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Let's fix some terminology first. A category $\mathcal{C}$ is preabelian if:

1) $Hom_{\mathcal{C}}(A,B)$ is an abelian group for every $A,B$ such that composition is biadditive,

2) $\mathcal{C}$ has a zero object,

3) $\mathcal{C}$ has binary products,

4) $\mathcal{C}$ has kernels and cokernels.

A category $\mathcal{C}$ is abelian if it is preabelian and satisfies:

5) every monomorphism is a kernel and every epimorphism is a cokernel.

Define the coimage of a map to be the cokernel of its kernel, and the image to be the kernel of its cokernel. We have the following commutative diagram:

enter image description here

where $\overline{f}$ is the only existing map (because of universality of kernel and cokernel).

I'm having trouble proving the following:

A preabelian category $\mathcal{C}$ is abelian iff $\overline{f}$ is an isomorphism.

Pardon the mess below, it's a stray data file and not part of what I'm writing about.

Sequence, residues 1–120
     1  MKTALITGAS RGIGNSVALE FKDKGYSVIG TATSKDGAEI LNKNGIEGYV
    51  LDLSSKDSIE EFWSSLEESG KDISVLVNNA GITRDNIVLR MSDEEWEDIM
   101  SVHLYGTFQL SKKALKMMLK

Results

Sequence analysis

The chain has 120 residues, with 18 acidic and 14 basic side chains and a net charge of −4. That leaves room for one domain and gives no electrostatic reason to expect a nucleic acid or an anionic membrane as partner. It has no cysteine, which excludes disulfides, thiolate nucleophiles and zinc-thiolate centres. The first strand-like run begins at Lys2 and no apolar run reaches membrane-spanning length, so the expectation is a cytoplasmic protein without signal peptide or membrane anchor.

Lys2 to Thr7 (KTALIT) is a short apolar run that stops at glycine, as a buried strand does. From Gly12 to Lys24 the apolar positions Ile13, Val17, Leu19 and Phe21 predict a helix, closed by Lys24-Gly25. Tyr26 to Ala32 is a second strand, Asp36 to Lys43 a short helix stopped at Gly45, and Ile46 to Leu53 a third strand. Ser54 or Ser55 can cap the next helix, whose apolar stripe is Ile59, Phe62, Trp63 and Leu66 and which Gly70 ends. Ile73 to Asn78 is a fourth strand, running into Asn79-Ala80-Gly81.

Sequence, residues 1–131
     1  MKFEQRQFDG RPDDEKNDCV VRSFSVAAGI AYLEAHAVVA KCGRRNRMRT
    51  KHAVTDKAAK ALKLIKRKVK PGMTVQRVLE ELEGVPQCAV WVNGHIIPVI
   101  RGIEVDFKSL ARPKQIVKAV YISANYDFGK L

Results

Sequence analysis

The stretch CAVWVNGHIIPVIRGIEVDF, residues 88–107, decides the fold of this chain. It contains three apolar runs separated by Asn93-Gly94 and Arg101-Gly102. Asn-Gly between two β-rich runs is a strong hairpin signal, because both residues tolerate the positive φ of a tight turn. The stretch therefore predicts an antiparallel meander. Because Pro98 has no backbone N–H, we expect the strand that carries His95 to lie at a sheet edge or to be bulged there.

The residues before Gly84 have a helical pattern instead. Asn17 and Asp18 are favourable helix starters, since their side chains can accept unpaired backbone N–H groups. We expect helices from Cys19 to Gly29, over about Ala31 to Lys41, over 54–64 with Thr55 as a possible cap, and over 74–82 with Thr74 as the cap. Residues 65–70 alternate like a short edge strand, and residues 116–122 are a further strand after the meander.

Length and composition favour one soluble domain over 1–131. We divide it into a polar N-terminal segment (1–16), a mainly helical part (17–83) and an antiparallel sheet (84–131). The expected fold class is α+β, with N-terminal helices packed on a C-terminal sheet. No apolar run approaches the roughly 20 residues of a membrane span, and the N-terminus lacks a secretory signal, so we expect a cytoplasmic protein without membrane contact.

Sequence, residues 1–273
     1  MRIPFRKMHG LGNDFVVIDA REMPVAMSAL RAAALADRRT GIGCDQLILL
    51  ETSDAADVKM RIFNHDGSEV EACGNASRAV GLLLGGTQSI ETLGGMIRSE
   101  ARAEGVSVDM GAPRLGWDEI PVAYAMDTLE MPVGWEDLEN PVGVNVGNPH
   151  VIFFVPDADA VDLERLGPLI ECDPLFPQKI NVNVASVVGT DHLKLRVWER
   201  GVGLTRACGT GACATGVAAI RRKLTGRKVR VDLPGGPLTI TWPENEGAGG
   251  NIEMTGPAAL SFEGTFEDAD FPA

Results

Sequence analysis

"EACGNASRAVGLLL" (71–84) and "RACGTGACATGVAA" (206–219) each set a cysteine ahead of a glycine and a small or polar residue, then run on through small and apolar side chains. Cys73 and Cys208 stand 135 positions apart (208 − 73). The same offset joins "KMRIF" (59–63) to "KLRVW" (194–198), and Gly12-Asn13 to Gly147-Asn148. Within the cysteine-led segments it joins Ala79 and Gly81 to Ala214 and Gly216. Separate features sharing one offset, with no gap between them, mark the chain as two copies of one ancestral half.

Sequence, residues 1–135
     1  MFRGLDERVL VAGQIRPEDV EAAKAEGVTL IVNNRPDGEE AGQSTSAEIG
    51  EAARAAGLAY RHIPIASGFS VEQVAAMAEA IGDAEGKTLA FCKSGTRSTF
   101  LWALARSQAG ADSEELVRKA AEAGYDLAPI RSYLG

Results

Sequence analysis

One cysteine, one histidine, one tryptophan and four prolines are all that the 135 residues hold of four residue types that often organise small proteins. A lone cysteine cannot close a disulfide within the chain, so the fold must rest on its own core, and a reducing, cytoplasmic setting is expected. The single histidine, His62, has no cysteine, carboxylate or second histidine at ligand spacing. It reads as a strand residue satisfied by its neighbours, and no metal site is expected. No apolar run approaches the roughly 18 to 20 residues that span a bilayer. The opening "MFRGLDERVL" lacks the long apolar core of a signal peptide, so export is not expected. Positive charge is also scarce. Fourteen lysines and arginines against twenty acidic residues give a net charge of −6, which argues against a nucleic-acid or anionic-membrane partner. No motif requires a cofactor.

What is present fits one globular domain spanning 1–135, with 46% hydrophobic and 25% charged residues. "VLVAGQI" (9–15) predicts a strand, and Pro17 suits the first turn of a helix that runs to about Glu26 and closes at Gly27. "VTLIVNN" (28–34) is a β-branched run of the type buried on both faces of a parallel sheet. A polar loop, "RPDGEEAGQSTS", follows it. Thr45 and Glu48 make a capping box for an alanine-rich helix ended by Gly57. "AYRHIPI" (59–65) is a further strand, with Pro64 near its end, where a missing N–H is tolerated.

The converse is easily shown, I'm having trouble proving $\Rightarrow$...

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Can you prove that $\overline{f}$ is both a monomorphism and an epimorphism if $\mathcal{C}$ is abelian? –  t.b. Jun 12 '11 at 21:01
Sorry for not following up earlier. It's not trivial at all. You can extract a proof from chapter 2 of Freyd's book where it basically occupies the entire section. It's getting late here and there's the danger that I get myself hopelessly confused when trying to find some short cuts. –  t.b. Jun 12 '11 at 22:32